How Long Does the Hague Process Take for International Service?
If you or someone you know is suing a foreign defendant, it is critical to understand that the process is significantly different than serving a person or entity domestically. The time in which to complete service is wholly dependent upon the country in which the defendant will be served as well as the method of service used by the plaintiff. That being said, all countries that have agreed to be signatories to the Hague Service Convention (HSC) are required to provide international service of process through the central authority. The HSC governs the method of service for international litigation involving signatory nations in a uniform and streamlined way.
These nations may also, however, provide international service by way of alternative means. Defendants in nations that are not parties to the HSC must be served via letters rogatory or by way of an agent.
No Time Restraints
Unlike domestic service of process, international service of process is not subject to specific time frames. Theoretically, the best case scenario would result in service of process being effectuated and completed within two to four weeks. In the worst-case scenario, the international service of process could take two or more years to be completed, such a scenario occurred in a Chinese matter. The more typical timeframe for international service of process is a few months. While attorneys are usually accustomed to finalizing domestic service within a certain time frame, both lawyers and their clients need to understand that these restrictions do not apply to international lawsuits.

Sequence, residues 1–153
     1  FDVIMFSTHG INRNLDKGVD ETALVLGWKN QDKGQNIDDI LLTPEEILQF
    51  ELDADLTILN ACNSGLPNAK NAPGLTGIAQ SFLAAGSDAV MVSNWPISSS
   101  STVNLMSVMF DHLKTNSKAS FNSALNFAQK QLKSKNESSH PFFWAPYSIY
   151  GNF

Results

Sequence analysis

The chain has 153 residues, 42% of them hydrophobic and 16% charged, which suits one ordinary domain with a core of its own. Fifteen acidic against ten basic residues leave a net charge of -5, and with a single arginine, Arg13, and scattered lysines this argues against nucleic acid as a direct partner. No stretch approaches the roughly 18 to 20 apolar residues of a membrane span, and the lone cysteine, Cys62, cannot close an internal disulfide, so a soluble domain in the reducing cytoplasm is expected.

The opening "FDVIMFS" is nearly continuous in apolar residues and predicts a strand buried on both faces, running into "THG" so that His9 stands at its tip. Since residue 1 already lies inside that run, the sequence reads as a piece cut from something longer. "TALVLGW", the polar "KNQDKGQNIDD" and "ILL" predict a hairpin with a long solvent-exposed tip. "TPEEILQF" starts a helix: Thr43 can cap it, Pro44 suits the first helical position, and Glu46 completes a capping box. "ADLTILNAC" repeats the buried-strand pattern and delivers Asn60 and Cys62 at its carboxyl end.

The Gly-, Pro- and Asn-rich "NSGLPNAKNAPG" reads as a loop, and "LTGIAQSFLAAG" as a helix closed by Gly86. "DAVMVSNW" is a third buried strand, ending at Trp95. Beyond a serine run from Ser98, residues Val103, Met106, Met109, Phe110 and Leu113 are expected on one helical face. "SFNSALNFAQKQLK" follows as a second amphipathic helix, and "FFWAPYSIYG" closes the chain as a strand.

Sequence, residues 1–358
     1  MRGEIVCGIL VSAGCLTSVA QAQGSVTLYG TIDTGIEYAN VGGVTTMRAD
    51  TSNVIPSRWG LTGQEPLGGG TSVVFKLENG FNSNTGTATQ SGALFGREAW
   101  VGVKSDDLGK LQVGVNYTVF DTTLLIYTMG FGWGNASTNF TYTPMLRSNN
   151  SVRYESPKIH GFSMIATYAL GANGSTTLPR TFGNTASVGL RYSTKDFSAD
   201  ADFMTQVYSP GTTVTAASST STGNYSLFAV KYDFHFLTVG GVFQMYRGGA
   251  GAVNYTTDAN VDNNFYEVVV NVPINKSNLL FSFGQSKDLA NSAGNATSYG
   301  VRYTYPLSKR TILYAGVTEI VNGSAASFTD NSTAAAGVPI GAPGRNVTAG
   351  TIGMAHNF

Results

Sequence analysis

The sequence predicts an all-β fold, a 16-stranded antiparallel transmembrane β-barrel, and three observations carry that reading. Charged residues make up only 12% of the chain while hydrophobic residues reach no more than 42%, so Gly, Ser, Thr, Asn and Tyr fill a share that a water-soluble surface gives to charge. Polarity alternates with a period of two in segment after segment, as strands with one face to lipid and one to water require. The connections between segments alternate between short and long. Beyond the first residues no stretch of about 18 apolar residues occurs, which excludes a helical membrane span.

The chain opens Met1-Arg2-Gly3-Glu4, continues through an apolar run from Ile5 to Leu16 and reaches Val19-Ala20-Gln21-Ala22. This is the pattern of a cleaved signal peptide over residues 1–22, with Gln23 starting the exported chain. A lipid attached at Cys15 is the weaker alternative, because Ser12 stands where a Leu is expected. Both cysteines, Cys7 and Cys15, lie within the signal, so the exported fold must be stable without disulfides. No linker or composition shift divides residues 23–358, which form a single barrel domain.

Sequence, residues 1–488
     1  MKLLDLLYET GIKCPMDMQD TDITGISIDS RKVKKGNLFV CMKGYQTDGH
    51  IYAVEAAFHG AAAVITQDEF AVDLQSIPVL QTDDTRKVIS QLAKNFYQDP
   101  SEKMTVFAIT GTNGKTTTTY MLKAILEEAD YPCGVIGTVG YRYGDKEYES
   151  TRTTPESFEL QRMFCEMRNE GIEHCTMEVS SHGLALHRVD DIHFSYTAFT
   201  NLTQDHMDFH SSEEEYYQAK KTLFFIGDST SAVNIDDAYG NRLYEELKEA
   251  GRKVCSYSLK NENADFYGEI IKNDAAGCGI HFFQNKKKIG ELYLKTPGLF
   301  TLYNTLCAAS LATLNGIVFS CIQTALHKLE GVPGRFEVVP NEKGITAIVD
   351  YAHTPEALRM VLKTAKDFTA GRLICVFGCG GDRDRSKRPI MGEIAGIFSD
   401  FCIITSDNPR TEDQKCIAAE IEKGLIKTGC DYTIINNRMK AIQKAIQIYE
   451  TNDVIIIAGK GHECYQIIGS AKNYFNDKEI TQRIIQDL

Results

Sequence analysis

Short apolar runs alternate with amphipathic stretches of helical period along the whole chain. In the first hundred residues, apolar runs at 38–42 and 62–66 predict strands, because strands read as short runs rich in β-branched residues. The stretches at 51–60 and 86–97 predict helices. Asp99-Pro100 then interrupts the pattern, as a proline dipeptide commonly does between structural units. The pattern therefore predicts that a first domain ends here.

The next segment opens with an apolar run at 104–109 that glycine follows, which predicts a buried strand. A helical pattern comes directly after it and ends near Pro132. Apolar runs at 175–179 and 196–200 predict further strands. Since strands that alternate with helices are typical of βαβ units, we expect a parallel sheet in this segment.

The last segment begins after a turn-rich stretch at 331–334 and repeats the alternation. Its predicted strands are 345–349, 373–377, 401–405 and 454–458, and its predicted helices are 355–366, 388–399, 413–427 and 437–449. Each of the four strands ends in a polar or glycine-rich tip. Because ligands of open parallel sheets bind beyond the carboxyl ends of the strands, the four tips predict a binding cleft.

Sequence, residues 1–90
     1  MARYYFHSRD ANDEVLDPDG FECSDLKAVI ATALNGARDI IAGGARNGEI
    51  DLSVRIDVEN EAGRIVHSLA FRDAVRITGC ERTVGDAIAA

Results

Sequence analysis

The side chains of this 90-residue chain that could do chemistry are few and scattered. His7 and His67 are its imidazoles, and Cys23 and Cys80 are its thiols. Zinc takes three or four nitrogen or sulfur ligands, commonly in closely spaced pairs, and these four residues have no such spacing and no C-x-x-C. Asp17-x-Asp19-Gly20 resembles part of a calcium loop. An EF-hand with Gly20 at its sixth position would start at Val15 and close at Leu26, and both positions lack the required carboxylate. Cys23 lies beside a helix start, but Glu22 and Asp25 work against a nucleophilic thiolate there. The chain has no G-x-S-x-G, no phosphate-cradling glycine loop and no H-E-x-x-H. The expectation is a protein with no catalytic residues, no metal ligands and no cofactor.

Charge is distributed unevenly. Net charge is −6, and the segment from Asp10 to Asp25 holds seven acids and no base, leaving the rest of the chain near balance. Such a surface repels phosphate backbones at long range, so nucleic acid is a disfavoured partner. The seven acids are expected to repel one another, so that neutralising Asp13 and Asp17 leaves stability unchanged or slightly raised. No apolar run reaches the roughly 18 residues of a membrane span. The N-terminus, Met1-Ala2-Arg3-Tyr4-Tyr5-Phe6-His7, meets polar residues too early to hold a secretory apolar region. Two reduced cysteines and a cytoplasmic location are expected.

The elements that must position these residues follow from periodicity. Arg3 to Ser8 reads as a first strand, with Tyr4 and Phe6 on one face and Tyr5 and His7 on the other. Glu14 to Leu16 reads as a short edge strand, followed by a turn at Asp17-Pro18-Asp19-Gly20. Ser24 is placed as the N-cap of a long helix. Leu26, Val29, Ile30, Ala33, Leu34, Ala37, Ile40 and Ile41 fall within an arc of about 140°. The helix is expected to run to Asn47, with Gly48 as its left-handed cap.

American Courts and International Service
Importantly, domestic courts understand that international service of process can take much longer than the timeframe required under local rules of procedure. For example, in the 2019 Ohio district court case Pedersen v. Dreams Come True Aviation, the court had no concern when put on notice that international process of service would take at least one year to be effectuated and completed. In the Pedersen matter, which was a joinder case, the plaintiff had obtained a multi-million dollar settlement plus interest against a Czech Republic-based company Evektor-Aerotechnik (“Evektor”). Evektor, however, had not satisfied any part of the judgment against it and did not have any property in the United States. Instead of trying to get the Czech Republic to recognize and enforce the judgment against Evektor, Pederson instead sued its North American parts dealer and representative Dreams Come True Aviation (“DCTA”). DCTA moved to dismiss for failure to join an indispensable party–namely, Evektor–which the court denied, noting that Evektor could be easily joined and ordering Pederson to do so.
Let Us Help
If you need assistance effectuating service of process abroad, contact Ancillary Legal right away. Our team has years of experience successfully handling domestic and international service of process on behalf of clients. Contact us today.
If you need assistance with depositions, translations, or videography, contact Elizabeth Gallo Court Reporting.